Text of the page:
Human Genome in Meltdown - January 11, 2013 Excerpt: According to a study published Jan. 10 in Nature by geneticists from 4 universities including Harvard, “Analysis of 6,515 exomes reveals the recent origin of most human protein-coding variants.”,,,: "We estimate that approximately 73% of all protein-coding SNVs [single-nucleotide variants] and approximately 86% of SNVs predicted to be deleterious arose in the past 5,000 -10,000 years. The average age of deleterious SNVs varied significantly across molecular pathways, and disease genes contained a significantly higher proportion of recently arisen deleterious SNVs than other genes.",,, As for advantageous mutations, they provided NO examples,,, http://crev.info/2013/01/human-genome-in-meltdown/ Critic ignores reality of Genetic Entropy - Dr John Sanford - 7 March 2013 Excerpt: Where are the beneficial mutations in man? It is very well documented that there are thousands of deleterious Mendelian mutations accumulating in the human gene pool, even though there is strong selection against such mutations. Yet such easily recognized deleterious mutations are just the tip of the iceberg. The vast majority of deleterious mutations will not display any clear phenotype at all. There is a very high rate of visible birth defects, all of which appear deleterious. Again, this is just the tip of the iceberg. Why are no beneficial birth anomalies being seen? This is not just a matter of identifying positive changes. If there are so many beneficial mutations happening in the human population, selection should very effectively amplify them. They should be popping up virtually everywhere. They should be much more common than genetic pathologies. Where are they? European adult lactose tolerance appears to be due to a broken lactase promoter [see Can’t drink milk? You’re ‘normal’! Ed.]. African resistance to malaria is due to a broken hemoglobin protein [see Sickle-cell disease. Also, immunity of an estimated 20% of western Europeans to HIV infection is due to a broken chemokine receptor—see CCR5-delta32: a very beneficial mutation. Ed.] Beneficials happen, but generally they are loss-of-function mutations, and even then they are very rare! http://creation.com/genetic-entropy Genetic Entropy - Dr. John Sanford - Evolution vs. Reality - video https://vimeo.com/35088933 Daily thought: blue eyes and other gene mutations, April 25, 2013 Excerpt: "Research on blue-eyes has led many scientist to further affirm that humans are truly mere variations of the same origin. About 8% of the world's total population has blue eyes so blue eyes are fairly rare. In fact, blue eyes are actually a gene mutation that scientist have researched and found to have happened when the OCA2 gene "turned off the ability to produce brown eyes." http://www.examiner.com/article/daily-thought-blue-eyes-and-other-gene-mutations Melanin Excerpt: The melanin in the skin is produced by melanocytes, which are found in the basal layer of the epidermis. Although, in general, human beings possess a similar concentration of melanocytes in their skin, the melanocytes in some individuals and ethnic groups more frequently or less frequently express the melanin-producing genes, thereby conferring a greater or lesser concentration of skin melanin. Some individual animals and humans have very little or no melanin synthesis in their bodies, a condition known as albinism. http://en.wikipedia.org/wiki/Melanin#Humans If Modern Humans Are So Smart, Why Are Our Brains Shrinking? - January 20, 2011 Excerpt: John Hawks is in the middle of explaining his research on human evolution when he drops a bombshell. Running down a list of changes that have occurred in our skeleton and skull since the Stone Age, the University of Wisconsin anthropologist nonchalantly adds, “And it’s also clear the brain has been shrinking.” “Shrinking?” I ask. “I thought it was getting larger.” The whole ascent-of-man thing.,,, He rattles off some dismaying numbers: Over the past 20,000 years, the average volume of the human male brain has decreased from 1,500 cubic centimeters to 1,350 cc, losing a chunk the size of a tennis ball. The female brain has shrunk by about the same proportion. “I’d call that major downsizing in an evolutionary eyeblink,” he says. “This happened in China, Europe, Africa—everywhere we look.” http://discovermagazine.com/2010/sep/25-modern-humans-smart-why-brain-shrinking New analysis provides fuller picture of human expansion from Africa - October 22, 2012 Excerpt: A new, comprehensive review of humans' anthropological and genetic records gives the most up-to-date story of the "Out of Africa" expansion that occurred about 45,000 to 60,000 years ago. This expansion, detailed by three Stanford geneticists, had a dramatic effect on human genetic diversity, which persists in present-day populations. As a small group of modern humans migrated out of Africa into Eurasia and the Americas, their genetic diversity was substantially reduced. http://phys.org/news/2012-10-analysis-fuller-picture-human-expansion.html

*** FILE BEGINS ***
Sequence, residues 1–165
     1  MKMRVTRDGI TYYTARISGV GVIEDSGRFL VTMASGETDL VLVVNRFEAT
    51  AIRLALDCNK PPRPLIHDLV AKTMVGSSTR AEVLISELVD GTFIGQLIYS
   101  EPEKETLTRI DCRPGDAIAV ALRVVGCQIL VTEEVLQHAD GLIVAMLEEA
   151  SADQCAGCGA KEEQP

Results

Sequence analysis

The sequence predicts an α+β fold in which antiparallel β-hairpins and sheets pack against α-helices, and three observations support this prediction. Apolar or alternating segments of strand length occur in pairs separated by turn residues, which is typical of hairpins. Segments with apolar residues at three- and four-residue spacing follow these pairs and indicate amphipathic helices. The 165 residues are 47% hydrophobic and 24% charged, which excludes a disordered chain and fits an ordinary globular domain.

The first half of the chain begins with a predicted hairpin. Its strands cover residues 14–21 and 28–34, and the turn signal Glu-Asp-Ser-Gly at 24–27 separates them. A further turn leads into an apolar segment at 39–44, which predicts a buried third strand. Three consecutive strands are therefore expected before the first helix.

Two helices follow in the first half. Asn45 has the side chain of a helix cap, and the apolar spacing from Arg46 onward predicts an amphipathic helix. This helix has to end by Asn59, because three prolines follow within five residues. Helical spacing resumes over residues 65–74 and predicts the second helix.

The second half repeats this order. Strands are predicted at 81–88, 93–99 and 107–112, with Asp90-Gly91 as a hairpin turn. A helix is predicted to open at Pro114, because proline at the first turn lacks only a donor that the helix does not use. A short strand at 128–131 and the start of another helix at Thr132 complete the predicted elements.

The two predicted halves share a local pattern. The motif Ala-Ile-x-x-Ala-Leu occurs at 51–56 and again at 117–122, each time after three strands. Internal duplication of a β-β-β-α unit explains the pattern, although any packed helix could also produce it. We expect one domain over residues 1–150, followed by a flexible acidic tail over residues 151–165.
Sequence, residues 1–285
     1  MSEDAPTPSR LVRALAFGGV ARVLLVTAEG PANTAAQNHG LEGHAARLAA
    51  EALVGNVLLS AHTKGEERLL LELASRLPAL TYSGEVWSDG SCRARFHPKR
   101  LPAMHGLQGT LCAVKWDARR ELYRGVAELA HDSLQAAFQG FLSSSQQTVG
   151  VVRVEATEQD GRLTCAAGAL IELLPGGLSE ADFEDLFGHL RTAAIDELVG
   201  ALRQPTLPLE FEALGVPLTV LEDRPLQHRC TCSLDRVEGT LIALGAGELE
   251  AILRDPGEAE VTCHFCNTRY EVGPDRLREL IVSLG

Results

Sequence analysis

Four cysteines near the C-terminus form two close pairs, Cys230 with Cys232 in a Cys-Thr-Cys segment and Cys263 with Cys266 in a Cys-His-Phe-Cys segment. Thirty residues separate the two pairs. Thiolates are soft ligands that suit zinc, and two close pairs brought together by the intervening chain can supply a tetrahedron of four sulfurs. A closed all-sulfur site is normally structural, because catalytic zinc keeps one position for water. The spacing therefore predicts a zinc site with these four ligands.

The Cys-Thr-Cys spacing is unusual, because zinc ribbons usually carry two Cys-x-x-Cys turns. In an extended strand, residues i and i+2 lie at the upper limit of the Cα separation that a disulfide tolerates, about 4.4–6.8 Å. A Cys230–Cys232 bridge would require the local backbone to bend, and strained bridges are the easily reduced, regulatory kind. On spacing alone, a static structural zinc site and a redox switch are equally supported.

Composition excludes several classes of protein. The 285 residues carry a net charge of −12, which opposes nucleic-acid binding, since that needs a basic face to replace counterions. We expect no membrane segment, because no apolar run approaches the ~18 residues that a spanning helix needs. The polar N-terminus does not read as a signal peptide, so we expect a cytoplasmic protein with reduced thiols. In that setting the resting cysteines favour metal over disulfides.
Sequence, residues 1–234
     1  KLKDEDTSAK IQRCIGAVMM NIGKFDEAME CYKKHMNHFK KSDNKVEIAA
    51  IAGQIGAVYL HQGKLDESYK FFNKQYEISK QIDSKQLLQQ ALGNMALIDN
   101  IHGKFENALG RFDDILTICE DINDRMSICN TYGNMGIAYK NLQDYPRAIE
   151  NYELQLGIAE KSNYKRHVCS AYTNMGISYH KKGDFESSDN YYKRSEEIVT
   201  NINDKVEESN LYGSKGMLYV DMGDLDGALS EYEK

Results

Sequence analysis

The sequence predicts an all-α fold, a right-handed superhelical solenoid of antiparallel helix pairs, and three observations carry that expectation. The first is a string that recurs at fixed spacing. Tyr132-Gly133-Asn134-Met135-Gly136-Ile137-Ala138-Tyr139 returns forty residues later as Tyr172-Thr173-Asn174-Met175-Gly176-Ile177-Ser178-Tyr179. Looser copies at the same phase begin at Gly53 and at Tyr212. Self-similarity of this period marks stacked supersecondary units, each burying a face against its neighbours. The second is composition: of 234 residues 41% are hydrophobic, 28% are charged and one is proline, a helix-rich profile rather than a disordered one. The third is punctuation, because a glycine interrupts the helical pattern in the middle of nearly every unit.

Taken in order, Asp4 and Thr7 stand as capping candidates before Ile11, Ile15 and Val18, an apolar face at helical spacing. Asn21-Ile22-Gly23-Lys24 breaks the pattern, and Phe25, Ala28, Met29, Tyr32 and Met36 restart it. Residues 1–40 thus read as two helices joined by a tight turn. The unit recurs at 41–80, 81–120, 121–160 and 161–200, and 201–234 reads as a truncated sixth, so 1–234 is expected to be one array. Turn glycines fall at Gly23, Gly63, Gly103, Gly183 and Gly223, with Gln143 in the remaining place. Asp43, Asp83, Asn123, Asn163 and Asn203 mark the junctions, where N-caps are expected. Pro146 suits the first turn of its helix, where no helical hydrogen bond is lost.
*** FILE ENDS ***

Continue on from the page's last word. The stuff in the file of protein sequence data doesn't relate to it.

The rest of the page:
I bet Hitler would have really been miffed to know that Europeans are genetically inferior to Africans! :) bornagain77